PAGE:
Between the fullness of desire and the fulfillment of desires,
between the fullness of suffering and the emptiness of happiness-
my choice was made from birth and before birth.!
arina Ivanovna Tsvetaeva (1892- 1941) is finally receiving recog-
nition as one of the major Russian poets of this century. In
her lifetime she was admired by such renowned poets as Boris
Pasternak and Rainer Maria Rilke; Anna Akhmatova saw her as an equal. Yet
she had to struggle to have her writings published. Some of her major works
appeared only posthumously and remained unknown to the wider Russian
audience until recently. In the last twenty years interest in Tsvetaeva - her life
and work - has quickened, stirred in this country by Simon Karlinsky's pio-
neering studies. More and more of her works are published and translated.
Joseph Brodsky and Susan Sontag are among her admirers. In Paris, Tsvetaeva
books fill the book stores. In New York and Boston, Claire Bloom reads her
poems to packed audiences. In Russia, Tsvetaeva scholarship flourishes and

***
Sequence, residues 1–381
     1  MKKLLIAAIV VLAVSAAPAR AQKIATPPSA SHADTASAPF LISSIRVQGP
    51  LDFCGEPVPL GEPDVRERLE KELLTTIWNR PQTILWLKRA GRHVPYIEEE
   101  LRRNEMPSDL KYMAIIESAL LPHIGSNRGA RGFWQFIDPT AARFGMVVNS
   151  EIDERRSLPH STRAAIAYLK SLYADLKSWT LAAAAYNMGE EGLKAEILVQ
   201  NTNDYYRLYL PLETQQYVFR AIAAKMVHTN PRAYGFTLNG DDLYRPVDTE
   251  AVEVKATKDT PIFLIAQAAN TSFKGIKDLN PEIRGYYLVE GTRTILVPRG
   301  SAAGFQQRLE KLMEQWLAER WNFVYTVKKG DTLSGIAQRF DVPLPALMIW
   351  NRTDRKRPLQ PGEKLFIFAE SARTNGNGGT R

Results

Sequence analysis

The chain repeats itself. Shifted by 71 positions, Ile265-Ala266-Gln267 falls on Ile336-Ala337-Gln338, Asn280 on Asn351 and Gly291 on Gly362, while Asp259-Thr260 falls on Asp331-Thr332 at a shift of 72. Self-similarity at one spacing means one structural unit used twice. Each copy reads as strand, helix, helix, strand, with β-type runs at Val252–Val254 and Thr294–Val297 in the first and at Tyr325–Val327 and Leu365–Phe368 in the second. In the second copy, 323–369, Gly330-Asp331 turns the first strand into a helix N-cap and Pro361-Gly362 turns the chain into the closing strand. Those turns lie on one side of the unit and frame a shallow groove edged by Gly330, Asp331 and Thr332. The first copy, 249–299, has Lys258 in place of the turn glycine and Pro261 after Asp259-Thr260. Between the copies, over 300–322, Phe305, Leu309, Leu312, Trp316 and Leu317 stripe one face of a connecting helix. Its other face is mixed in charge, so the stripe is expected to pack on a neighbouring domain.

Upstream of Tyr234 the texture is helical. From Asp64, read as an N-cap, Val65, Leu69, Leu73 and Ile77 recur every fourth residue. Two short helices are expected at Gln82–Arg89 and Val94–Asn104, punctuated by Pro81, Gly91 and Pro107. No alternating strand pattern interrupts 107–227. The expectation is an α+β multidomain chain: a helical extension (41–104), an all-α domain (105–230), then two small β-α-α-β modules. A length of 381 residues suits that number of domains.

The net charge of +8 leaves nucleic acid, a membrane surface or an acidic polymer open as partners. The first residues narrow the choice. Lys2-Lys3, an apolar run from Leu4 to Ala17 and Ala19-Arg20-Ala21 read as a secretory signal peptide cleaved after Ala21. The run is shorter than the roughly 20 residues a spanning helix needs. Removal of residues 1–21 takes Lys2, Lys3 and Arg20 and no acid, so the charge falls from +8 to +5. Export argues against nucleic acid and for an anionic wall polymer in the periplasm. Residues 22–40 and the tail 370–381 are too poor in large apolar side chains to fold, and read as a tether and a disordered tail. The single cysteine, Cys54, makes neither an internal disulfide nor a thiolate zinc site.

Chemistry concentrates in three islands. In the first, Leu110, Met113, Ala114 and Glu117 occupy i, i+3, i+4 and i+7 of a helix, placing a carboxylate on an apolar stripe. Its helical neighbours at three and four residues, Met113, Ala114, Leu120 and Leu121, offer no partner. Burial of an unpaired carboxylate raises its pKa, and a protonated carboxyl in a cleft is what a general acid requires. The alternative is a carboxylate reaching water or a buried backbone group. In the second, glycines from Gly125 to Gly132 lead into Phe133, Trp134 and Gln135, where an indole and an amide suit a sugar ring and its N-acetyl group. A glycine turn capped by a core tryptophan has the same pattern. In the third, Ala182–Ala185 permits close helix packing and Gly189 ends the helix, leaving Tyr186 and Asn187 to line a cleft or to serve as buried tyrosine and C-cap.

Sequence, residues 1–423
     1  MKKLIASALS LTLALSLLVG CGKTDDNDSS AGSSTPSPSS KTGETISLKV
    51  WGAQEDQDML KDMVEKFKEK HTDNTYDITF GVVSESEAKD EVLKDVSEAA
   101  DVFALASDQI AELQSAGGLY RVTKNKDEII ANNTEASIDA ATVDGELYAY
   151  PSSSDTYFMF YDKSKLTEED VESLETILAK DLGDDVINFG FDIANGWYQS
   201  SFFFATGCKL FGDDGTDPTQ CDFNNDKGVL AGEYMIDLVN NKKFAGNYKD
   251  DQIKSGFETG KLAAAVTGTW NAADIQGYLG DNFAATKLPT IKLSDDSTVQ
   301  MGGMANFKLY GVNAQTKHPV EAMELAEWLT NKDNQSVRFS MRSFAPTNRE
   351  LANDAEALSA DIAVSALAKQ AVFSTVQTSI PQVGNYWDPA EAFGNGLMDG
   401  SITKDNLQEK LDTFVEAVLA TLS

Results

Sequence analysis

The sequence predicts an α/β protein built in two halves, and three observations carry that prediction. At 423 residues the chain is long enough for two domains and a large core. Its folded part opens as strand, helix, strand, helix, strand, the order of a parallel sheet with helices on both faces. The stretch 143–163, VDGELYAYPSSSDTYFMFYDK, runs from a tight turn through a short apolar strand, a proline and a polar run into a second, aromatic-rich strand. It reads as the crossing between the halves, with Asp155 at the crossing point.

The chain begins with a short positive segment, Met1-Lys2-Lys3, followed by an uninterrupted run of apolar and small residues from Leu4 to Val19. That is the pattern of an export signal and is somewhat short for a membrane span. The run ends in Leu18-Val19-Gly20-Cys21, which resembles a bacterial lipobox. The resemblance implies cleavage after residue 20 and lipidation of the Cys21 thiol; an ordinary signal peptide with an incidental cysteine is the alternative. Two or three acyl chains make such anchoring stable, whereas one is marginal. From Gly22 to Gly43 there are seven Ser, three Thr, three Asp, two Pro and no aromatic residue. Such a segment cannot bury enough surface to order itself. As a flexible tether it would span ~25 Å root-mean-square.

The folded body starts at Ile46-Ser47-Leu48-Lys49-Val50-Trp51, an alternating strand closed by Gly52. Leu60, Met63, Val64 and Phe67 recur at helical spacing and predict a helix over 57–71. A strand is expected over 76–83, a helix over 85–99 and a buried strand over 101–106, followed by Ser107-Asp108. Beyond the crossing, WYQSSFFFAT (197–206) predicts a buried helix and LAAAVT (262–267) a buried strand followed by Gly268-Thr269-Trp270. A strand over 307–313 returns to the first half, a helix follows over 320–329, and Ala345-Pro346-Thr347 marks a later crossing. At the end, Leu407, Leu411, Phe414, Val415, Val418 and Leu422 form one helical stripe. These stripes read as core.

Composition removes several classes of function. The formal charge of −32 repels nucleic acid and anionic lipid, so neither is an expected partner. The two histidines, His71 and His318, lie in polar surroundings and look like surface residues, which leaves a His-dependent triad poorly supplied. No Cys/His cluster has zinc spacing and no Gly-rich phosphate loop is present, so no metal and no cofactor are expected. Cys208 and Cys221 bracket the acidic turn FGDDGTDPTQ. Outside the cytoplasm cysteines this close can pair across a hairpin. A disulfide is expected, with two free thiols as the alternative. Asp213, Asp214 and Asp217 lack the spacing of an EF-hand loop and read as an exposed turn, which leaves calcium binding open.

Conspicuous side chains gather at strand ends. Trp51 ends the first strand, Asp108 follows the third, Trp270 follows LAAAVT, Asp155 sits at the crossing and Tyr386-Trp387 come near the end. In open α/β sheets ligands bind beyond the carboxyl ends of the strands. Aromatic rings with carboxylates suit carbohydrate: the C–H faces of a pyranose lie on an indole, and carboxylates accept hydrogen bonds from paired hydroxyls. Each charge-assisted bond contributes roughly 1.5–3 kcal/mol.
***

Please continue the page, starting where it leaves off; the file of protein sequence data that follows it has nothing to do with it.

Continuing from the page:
biographies of her, her letters, and reminiscences by her contemporaries are
Widely read. She has also become a cult figure; tours of people old and young
visit her Moscow apartment, leaving lines from her poetry on the walls as
do. One of her plays has been produced for the first time; new
editions of her poetry are sold out. A Tsvetaeva museum is planned.
What brought about this resurrection? Certainly it is the power of her
poetry. Tsvetaeva herself stressed that she did not belong to her time, that a
poet belonged to no time and to all time, to no country and to any coun-
try. She sang about the passion of love and the yearning for a better be-
yond, about the fate of the poet, about alienation and loneliness. Death was
had nothing but contempt for the materialism of the philistines.
In her lyrical world what mattered was the intensity of being, heroism, cour-